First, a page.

In the present study, as only those patients with total occlusion of MPV were included, and 34% of patients had more than two vessels occluded, the overall thrombotic status was more severe than that in other studies. The possible reasons for achieving a higher rate of success are as follows. Firstly, stringent inclusion criteria were established for TIPS. Only those with significant clinical symptoms (gastrointestinal bleeding, refractory hydrothorax and ascites, severe dysfunction, or increased thrombus) were included. The patients have met one of the additional criteria: subacute/chronic portal vein thrombosis or cavernous transformation of portal vein (17 patients), at least one intrahepatic portal branch unblocked or existence of a relatively large branch/collateral vessel, rich in collateral vessels of MPV, relatively large collateral vessels of superior mesenteric vein or of main splenic vein; without cavernous transformation or only a few collateral vessels of portal vein (70 patients), relatively large collateral vessels of superior mesenteric venous or splenic venous trunk; a notable medical history, acute thrombosis of portal venous system (11 patients), ineffective conservative treatment or interventional therapies (embolectomy, thrombectomy, and local thrombolysis) or increased thrombus, gastrointestinal bleeding or refractory hydrothorax and ascites, or severe liver dysfunction.

Secondly, intraoperative techniques were comprehensively applied and different surgical instruments were skillfully employed accordingly. Among the 98 patients, 71 (72.4%) were treated with a combination of percutaneous transhepatic portal catheterization and TIPS. If the left or right portal branch was unblocked (48 patients), an indirect portography was performed through femoral arterial intubation followed by TIPS. If failed, percutaneous transhepatic portal catheterization puncturing through the right hypochondriac region (alternatively, subxiphoid was approached when it failed again, or when the left portal branch was unblocked) was conducted. After successful catheterization, the catheter inserted into the portal vein was used as a guideline for subsequent TIPS. If both branches of portal vein were blocked (23 patients), or intrahepatic portal vein had no branches or only collateral vessels (27 patients), percutaneous transhepatic portal catheterization was chosen. If successfully catheterized, TIPS was performed.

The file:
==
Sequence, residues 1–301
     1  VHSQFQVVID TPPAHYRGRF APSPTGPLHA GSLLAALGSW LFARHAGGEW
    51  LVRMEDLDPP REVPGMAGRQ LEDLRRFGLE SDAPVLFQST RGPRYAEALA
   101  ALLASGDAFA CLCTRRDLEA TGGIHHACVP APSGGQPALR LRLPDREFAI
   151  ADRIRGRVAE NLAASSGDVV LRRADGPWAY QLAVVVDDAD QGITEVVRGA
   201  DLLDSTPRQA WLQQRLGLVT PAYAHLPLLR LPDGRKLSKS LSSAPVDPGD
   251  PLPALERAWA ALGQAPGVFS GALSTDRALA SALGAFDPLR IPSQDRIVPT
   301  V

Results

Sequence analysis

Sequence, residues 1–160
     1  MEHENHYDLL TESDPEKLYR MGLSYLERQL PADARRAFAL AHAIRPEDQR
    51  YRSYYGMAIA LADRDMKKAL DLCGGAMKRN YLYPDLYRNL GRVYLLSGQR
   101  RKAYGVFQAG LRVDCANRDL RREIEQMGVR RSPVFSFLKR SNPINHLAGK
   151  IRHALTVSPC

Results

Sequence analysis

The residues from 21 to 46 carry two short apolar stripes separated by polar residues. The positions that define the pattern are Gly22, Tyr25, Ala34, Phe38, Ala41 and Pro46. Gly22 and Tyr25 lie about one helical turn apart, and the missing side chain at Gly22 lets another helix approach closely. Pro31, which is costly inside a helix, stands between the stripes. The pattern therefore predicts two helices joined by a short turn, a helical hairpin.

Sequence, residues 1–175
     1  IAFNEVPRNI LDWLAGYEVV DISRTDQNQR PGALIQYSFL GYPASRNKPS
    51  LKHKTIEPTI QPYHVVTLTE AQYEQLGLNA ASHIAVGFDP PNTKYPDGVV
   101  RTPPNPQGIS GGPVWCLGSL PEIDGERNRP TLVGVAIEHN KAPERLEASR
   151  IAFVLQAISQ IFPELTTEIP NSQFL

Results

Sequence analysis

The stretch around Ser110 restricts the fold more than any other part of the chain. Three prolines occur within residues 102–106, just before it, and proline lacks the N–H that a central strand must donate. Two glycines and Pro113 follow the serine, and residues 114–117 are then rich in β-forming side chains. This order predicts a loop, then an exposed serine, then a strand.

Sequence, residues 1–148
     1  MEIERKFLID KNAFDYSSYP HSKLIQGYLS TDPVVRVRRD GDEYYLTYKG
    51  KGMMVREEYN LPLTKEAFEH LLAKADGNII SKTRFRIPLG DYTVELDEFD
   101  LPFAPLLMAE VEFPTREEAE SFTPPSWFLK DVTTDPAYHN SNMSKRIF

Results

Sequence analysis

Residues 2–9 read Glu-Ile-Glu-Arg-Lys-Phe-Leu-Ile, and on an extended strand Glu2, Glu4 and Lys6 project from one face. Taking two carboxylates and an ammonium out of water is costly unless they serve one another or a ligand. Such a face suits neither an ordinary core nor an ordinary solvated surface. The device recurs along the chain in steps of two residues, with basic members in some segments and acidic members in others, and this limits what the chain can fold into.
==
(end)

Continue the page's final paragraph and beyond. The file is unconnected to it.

In some patients, no blood was drawn out after the puncture needle was inserted into the thrombus. However, a DyneCT (Siemens AG, Munich, Germany) scan confirmed that needle tip was laid inside the thrombus located in the portal branch. Therefore, the catheter was adjusted to pass through the thrombus and reach the end of the vessel. If a small catheter (Cook Medical, Bloomington, IN) encountered resistance and failed to pass through the thrombus, an 18 G puncture needle was used (9 patients), and 0.035 super-slip guide wire was inserted through the thrombus or occluded vessel, and then TIPS was performed.

If percutaneous transhepatic portal catheterization was successfully established, but TIPS failed to penetrate the portal vein, a balloon was used to dilate the portal vein and thrombus of the branch (4 patients) to create a small passage, and then portal puncture was performed for TIPS.

During TIPS procedure, all varicose veins that could be penetrated by catheter were embolized. Afterwards, when blood flow in the shunt was affected by thrombus, a 4 F pigtail catheter was deployed at the distal end of thrombus for thrombolysis.